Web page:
I eventually realized that what I was now learning maybe wasn’t so different from what I’d learned in Sunday School as a child. I was just getting more depth and understanding, moving from milk to solid food (1 Corinthians 3:2). The lessons I’d had as a child, while they formed a good base, were meant for a child. I was now an adult and had to put childish ways behind me (1 Cor 13: 11). And the professors? Some were strong Christians. Some were not. But not once did I ever have anyone try to convince me to believe otherwise, make fun of my faith, or say anything detrimental about it.
So don’t be afraid of your struggles, your questions, your doubts. But don’t go through do it alone. Throughout it all, talk to God. Ask Him for guidance, for discernment, for protection, for clarity, for understanding, for encouragement, for comfort from His Holy Spirit.
I’ll be honest with you. To question and doubt without God’s involvement could likely lead to a loss of faith. But with His involvement, you will never be alone. It may take time, and in our culture of instant-everything, that is difficult to understand and accept. It can be scary. Some answers may come to you much further down the road in your journey than you want. But that is a beautiful part of faith. It is not an object to be carried around in your pocket, taken out only when you think you need it. It is a lifelong journey, carried in your heart, in your mind, in your soul, always a part of you, always guiding you, always available and waiting whether you think you need it or not.
Earlier, we sang a song asking God to be our vision and our wisdom. Now, we’ll sing about how God is our refuge, our rock, the one that we trust, the one that will protect us and hold us in His hand.

Friday, October 02, 2009

Welcome Home

No matter where we are, there is always a place to come home to.

Ezra 1:1-7 1In the first year of King Cyrus of Persia, in order that the word of the LORD by the mouth of Jeremiah might be accomplished, the LORD stirred up the spirit of King Cyrus of Persia so that he sent a herald throughout all his kingdom, and also in a written edict declared: 2 "Thus says King Cyrus of Persia: The LORD, the God of heaven, has given me all the kingdoms of the earth, and he has charged me to build him a house at Jerusalem in Judah. 3 Any of those among you who are of his people-- may their God be with them!-- are now permitted to go up to Jerusalem in Judah, and rebuild the house of the LORD, the God of Israel-- he is the God who is in Jerusalem; 4 and let all survivors, in whatever place they reside, be assisted by the people of their place with silver and gold, with goods and with animals, besides freewill offerings for the house of God in Jerusalem." 5 The heads of the families of Judah and Benjamin, and the priests and the Levites-- everyone whose spirit God had stirred-- got ready to go up and rebuild the house of the LORD in Jerusalem. 6 All their neighbors aided them with silver vessels, with gold, with goods, with animals, and with valuable gifts, besides all that was freely offered. 7 King Cyrus himself brought out the vessels of the house of the LORD that Nebuchadnezzar had carried away from Jerusalem and placed in the house of his gods.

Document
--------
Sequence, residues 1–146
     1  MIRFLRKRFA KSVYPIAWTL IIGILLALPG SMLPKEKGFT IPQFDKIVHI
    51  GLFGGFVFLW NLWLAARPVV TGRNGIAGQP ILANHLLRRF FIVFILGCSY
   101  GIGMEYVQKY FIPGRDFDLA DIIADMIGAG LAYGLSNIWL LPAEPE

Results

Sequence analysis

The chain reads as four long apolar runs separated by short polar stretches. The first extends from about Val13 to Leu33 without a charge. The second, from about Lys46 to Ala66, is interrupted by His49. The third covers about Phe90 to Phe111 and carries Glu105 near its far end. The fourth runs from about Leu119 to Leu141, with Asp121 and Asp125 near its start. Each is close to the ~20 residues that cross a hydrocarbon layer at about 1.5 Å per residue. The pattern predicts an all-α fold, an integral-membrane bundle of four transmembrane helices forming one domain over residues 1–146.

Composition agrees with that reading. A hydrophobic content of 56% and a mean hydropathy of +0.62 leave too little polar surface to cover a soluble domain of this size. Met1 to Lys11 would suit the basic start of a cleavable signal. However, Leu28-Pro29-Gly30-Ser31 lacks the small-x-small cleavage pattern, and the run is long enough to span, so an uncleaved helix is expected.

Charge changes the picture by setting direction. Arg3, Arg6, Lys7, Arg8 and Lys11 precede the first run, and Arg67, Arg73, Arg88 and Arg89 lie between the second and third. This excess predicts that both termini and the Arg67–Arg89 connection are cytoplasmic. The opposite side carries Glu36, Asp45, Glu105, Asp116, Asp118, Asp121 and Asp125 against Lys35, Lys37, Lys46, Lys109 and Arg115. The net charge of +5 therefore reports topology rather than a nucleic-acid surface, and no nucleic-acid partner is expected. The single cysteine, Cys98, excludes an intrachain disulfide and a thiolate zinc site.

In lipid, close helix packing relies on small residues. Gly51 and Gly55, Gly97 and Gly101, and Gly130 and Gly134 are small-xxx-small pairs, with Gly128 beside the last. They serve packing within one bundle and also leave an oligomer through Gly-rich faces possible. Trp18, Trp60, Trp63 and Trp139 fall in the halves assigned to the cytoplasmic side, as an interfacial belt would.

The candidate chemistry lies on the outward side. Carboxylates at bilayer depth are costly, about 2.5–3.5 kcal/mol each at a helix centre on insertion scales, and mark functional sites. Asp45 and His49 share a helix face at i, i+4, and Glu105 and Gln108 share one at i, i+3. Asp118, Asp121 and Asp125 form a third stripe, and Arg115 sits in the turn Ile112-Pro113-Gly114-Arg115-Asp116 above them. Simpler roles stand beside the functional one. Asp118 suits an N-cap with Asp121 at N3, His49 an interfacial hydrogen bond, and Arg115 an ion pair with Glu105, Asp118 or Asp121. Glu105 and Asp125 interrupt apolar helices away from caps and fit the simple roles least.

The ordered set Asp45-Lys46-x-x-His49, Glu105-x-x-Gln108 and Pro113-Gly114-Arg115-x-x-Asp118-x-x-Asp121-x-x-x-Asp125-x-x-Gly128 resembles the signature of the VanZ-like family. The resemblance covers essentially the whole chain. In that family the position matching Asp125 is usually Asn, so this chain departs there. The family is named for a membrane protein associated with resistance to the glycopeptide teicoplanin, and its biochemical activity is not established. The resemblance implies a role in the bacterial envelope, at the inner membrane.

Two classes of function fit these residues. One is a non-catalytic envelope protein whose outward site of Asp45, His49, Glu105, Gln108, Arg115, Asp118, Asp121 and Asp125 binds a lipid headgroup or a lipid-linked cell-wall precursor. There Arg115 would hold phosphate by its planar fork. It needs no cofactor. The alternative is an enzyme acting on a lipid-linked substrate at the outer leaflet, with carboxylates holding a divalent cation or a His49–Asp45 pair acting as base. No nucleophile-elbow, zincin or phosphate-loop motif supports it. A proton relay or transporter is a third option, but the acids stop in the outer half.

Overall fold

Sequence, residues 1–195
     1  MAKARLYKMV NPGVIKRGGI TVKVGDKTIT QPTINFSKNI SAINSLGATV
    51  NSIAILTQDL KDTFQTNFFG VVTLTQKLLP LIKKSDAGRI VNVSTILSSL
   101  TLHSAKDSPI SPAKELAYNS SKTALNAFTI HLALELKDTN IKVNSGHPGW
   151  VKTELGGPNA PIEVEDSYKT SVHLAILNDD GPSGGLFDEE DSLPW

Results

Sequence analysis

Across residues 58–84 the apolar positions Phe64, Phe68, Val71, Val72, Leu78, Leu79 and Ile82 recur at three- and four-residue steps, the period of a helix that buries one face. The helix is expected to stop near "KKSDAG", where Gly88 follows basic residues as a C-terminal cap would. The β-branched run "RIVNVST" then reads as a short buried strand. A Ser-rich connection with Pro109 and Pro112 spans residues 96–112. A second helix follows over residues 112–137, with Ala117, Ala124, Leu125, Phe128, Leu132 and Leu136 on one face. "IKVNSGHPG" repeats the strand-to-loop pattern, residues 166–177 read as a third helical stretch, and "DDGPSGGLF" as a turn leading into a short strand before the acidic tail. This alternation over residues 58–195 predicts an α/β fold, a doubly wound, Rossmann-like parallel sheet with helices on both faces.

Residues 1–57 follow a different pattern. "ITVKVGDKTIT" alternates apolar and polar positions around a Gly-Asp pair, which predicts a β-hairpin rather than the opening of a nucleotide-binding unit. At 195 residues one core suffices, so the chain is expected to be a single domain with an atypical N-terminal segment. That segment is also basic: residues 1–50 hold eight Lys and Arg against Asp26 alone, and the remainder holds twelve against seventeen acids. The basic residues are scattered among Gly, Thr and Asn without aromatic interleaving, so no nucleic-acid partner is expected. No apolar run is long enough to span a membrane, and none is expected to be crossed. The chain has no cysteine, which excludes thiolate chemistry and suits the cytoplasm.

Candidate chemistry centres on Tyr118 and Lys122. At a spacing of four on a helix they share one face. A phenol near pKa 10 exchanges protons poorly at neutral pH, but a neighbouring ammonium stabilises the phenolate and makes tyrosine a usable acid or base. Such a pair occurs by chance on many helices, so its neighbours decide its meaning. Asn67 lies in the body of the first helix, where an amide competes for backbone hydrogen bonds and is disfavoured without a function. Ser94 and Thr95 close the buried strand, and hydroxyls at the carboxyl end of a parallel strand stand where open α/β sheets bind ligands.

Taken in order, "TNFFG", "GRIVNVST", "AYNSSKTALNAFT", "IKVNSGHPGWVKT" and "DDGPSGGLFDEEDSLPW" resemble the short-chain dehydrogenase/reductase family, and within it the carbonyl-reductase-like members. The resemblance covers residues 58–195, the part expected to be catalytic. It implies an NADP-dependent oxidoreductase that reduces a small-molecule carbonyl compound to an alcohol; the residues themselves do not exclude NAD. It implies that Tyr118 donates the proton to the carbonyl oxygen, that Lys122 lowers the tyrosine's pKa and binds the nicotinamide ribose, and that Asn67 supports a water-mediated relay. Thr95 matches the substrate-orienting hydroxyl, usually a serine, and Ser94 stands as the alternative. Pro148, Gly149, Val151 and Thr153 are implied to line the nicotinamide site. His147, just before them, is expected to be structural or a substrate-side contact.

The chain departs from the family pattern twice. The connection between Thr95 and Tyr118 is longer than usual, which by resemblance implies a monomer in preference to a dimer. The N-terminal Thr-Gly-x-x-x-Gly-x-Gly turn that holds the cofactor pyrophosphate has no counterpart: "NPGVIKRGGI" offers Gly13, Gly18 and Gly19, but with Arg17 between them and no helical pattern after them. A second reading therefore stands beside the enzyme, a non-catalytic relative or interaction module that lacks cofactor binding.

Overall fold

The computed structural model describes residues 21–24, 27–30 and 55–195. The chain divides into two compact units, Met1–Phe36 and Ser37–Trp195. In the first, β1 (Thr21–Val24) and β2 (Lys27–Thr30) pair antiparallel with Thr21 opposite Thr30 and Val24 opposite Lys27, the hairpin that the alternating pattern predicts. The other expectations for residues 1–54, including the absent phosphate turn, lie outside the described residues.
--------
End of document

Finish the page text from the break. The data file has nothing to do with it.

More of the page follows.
Ezra 2:64-68 64 The whole assembly together was forty-two thousand three hundred sixty, 65 besides their male and female servants, of whom there were seven thousand three hundred thirty-seven; and they had two hundred male and female singers. 66 They had seven hundred thirty-six horses, two hundred forty-five mules, 67 four hundred thirty-five camels, and six thousand seven hundred twenty donkeys. 68 As soon as they came to the house of the LORD in Jerusalem, some of the heads of families made freewill offerings for the house of God, to erect it on its site.

This summer, I was away from home for just over three weeks. Three weeks of sleeping in a bed that wasn’t mine, in a house that wasn’t mine, in a city that is no longer mine. As good a time as I had, it was still good to return home.

I’m sure we all know how good it feels to come home after a trip, whether it is a long or short trip, no matter how much we enjoyed ourselves while we were gone. When we come home, we are in a familiar place again, we can sleep in our own bed again, and get back into our daily routine.

Just over three years ago I’d never even heard of Waldorf College or Forest City and now, here I am, a member of the Waldorf Family, and it is Homecoming, a time when people come home, when they feel as if they are seeing long-lost family and friends. This is a place that means something to them; it’s where they learned, lived, and served for two to four years of their lives. For so many alumni here at Waldorf, Homecoming is very much like coming home after a trip. Waldorf has been a home for so many people over the years. One of the number one things that people love about Waldorf is how close of a community it is. Not all schools are like that. I graduated from a large university and while I loved my time there, it wasn’t a home in this same sense. And at Waldorf, there are even multiple generations of family members that attend. Parents encourage their children to attend the same college that they did because they want to share that same experience.

In our scripture reading today, we see more than 40,000 people returning to the land from which they or their ancestors had been exiled about 70 years before. Many of them may never have known the land that were now returning to. But they’d been told about it. Throughout the years of exile, the people who had known their land kept the dream of returning home alive, telling stories about the land in which they’d lived, giving hope to future generations that one day, they would return.